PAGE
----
Good afternoon Pōneke, this is what happened today.
1.50pm: Unexplained death in Strathmore
Police are investigating an unexplained death at a home in the Strathmore suburb of Wellington.
A police spokeswoman said a deceased person was found at the Strathmore Ave property at 11:45 a.m. Thursday.
“The death is currently being treated as unexplained while we investigate the circumstances.”
11:45am: The country’s first EV mobile library
New Zealand’s first mobile electric vehicle library service, Mangaroa, has launched in Upper Hutt.
The service, which will start in September and visit community spaces such as schools and retirement homes, will complement the existing mobile library bus, Pūrehurehu.
It is intended to provide better access to library resources around Upper Hutt.
It was custom built to fit the purpose with the chassis and cab purchased from a local dealer in Lower Hutt and construction of the custom storage area at the rear of the vehicle completed by a local manufacturer.
11:20 am: No change in Orca Toa’s condition, next steps will be determined by weather
Ian Angus, manager of the Department of Conservation, said Toa has been well fed and rested overnight and remains stable.
“We are reviewing the feeding regime to ensure the orca calf is getting the right feed and consulting with international orca experts about the nutritional needs of the species.
“Whether the killer whale calf will remain in the temporary pool today or go back to a sea pen will be determined after a detailed assessment of the weather forecast,” he said.
There’s a DOC boat on the water today, but since orca pods in New Zealand have been recorded moving up to 100 miles a day, they remain valuable, Angus said.
Any sighting of orcas across the country should be reported to DOC HOT 0800 362 468 or to [email protected]
Today, MetService predicts showers in the morning before the rain clears. By mid-afternoon the showers will return as the strong northwest winds change to the south.
To the north of the harbor there is a possibility of thunderstorms and hail showers before sunrise and the weather deteriorates towards the evening.
It will be 14 degrees Celsius and 8 degrees Celsius.
Outage in some Hutt Valley buses today due to union meeting
Hutt Valley bus customers may experience some interruptions in their journey between 9:30am and 2:30pm today as some Tranzurban drivers attend a Tramways Union meeting.
Scott Gallacher, chief executive of Metlink, said in a statement that the union meeting would not affect school services, but some customers using off-peak hours would.
“Tranzurban is working hard to cover as many driver services as possible, to minimize potential disruptions.
“We will keep customers informed through our website and social media channels, as well as through public information on the radio.
“Use the Metlink app or website that day to check for canceled services, or call our Metlink team on 0800 801 700,” said Mr Gallacher.
The affected routes are: 110, 111, 112, 113, 114, 115, 120, 121, 130, 145, 150, 154, 160, 170.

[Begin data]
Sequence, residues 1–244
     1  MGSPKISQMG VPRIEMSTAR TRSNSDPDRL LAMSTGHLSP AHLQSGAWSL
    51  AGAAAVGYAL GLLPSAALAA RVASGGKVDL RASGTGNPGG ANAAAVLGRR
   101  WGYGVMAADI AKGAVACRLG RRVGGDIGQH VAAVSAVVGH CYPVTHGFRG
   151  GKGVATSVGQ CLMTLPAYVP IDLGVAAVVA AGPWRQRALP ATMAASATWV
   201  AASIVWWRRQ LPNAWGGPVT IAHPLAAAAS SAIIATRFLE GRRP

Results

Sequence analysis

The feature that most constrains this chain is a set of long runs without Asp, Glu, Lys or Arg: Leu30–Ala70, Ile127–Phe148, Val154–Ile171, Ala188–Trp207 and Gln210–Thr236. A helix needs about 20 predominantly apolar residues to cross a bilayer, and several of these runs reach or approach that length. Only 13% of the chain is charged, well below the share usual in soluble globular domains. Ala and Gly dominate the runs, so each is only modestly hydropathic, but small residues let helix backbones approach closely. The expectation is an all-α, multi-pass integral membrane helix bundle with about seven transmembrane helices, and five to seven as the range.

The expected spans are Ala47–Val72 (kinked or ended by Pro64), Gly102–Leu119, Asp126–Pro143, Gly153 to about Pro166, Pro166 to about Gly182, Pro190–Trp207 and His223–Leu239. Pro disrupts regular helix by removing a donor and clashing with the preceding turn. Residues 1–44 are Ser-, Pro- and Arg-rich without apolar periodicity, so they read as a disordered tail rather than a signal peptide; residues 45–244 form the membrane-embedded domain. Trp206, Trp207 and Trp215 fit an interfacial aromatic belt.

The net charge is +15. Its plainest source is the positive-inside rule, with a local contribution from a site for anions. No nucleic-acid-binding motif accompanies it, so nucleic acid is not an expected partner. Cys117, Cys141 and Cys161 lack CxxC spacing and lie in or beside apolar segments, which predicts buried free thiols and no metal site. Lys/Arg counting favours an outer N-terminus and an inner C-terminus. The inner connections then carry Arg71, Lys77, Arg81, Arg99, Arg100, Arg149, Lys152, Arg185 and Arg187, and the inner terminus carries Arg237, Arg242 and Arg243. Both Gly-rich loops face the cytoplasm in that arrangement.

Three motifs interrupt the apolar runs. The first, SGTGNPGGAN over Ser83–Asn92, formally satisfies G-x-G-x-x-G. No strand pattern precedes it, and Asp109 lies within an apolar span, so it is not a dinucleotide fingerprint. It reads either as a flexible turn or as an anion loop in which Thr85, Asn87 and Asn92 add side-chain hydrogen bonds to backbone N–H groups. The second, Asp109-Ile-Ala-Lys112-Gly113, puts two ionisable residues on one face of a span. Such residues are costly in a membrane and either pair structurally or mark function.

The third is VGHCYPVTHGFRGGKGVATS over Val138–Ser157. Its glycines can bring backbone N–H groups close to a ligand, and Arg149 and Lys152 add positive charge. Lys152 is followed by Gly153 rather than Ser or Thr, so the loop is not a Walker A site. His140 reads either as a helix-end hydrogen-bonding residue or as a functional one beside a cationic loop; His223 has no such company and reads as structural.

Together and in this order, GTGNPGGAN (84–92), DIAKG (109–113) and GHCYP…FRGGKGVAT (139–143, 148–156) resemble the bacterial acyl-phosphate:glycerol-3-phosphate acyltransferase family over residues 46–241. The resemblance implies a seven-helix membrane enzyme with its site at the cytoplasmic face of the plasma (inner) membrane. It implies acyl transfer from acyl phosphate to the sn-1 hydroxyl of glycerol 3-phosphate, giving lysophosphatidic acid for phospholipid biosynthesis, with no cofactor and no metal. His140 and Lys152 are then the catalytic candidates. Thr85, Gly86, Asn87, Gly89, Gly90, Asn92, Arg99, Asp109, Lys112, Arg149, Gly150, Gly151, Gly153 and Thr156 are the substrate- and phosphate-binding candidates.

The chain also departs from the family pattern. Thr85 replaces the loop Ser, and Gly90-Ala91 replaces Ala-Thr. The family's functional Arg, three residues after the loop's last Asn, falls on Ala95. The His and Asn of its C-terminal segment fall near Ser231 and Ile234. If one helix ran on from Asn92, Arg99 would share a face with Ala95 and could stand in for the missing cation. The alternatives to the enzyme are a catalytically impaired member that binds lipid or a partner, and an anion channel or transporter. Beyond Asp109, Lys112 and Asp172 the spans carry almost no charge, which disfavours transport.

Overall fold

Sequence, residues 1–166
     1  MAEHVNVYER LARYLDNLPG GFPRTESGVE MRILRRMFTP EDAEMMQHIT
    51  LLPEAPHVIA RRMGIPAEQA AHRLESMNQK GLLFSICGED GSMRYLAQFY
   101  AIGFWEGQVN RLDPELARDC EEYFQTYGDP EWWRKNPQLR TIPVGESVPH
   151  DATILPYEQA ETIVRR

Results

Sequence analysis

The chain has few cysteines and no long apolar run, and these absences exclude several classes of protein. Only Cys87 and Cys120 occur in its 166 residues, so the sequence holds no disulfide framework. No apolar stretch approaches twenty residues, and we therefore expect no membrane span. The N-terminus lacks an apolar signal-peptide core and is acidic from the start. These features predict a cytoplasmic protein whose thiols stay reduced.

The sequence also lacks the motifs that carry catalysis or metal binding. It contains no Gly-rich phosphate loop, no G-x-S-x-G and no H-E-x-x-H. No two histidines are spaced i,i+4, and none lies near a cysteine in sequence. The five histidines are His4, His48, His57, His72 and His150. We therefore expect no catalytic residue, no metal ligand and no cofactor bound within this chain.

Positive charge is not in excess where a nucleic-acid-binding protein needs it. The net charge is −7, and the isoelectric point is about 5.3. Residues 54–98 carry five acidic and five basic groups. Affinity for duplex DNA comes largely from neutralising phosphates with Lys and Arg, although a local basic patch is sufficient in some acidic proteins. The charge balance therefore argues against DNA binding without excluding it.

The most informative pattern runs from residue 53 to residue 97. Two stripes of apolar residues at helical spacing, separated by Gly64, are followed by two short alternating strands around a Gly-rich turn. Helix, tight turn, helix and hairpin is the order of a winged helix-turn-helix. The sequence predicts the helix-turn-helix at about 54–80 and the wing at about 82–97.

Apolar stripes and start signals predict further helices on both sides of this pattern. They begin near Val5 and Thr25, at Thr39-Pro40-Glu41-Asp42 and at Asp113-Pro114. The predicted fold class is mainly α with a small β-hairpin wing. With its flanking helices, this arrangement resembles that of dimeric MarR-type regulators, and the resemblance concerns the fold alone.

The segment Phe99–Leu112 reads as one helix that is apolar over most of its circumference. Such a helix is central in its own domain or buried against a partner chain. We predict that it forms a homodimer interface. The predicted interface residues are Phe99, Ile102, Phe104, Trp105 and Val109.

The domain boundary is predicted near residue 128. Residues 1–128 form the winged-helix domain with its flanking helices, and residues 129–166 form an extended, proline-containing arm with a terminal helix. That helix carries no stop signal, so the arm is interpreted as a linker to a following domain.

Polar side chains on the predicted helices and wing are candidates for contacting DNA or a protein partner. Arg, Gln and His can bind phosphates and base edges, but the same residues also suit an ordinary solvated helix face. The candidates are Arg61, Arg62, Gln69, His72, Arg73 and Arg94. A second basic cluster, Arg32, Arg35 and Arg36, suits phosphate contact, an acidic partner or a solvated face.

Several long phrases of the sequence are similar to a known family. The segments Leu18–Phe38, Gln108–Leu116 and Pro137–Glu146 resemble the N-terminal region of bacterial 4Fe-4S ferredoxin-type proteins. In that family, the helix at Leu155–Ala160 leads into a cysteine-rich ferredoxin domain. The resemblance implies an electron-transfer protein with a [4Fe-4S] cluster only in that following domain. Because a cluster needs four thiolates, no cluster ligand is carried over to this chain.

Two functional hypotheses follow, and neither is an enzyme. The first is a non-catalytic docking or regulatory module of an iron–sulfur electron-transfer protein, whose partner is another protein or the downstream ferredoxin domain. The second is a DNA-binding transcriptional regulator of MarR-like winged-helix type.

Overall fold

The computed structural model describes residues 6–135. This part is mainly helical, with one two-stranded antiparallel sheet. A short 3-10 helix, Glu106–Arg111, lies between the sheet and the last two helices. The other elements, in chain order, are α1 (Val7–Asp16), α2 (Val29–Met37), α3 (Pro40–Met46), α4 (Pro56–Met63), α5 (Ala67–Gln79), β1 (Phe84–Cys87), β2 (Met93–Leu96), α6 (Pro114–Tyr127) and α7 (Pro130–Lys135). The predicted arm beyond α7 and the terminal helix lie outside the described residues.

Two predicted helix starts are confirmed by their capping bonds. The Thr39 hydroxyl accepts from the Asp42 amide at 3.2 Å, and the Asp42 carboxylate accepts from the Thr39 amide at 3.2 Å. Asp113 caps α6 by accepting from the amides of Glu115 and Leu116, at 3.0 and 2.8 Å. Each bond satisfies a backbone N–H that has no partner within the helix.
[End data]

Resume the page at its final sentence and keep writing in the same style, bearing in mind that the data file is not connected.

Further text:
Due to recent severe weather, there will be an overnight closure of SH2 Remutaka Hill from 9pm-4am for essential repairs on Monday, July 26.
Contractors guide vehicles over the hill, no reservation necessary, Waka Kotahi NZ Transport Agency said.
Shelly Bay Road intersection closed overnight this week
People wishing to drive on Shelly Bay Rd after 7pm will need to take a longer alternate route while a new elevated crossing and stormwater pipes are being installed.
The road closure will take place at the intersection of Shelly Bay Rd and Miramar Ave, this week from 7pm every night until 6am Friday, July 23, weather permitting. Although five nights had been set aside for work, it might not last that long.
People who live or work on Shelly Bay Rd can still drive to and from their properties during these hours by taking the longer route around Massey Rd, via Awa Rd or Seatoun Tunnel.
From the pages of The Dominion Post:
Wellington City Council has a clear message for its tenants: don’t rent from us
The country’s second-largest landlord, Wellington City Council, says its tenants are better off renting from someone else.
It’s a stunning admission from the council, which has 3,500 low-income tenants in a portfolio of 1,931 properties, while more than 500 people are on the waiting list.
But the reasons were clear: lower rents, better living conditions, shorter waiting times. Wellington Mayor Andy Foster said the government was simply better equipped than the borough’s troubled housing unit.
Read Ethan Te Ora’s full report here.
RSV outbreak: Intensive care specialists say ‘we’ll make it’ after record week
They care for some of the sickest babies in the country, but the chiefs of the intensive care unit at Wellington Regional Hospital say they can “manage” the demands of the respiratory syncytial virus (RSV).
Last week, the ward treated seven babies for the highly contagious virus — the highest number of infants ever in the ICU. With 735 cases reported nationwide in the past week, the outbreak has grown to 2,543 cases, shrinking the number of cases from the past six years.
A look through the glass of the unit’s dimly lit isolation rooms offered a confronting insight into this crisis.
Read Katarina Williams’ full report here.
Café changes name Afghan cookie to reflect ‘changing world’
A cafe has changed the name of the Kiwi classic Afghan cookie because “the world is constantly changing”.
Foundation Cafe in Christchurch has renamed the crunchy chocolate treat “1908” after the Covid-19 lockdown.
The move comes after cookie kingpin Griffin’s changed its version to Milk Chocolate Roughs, with the tagline “Same bikkie. New name”.
Read Charlie Gates’ report here.
And in art:
Artists embedded in offices and interacting with other employees encourage new ways of working, interacting and behaving, Mark Amery writes.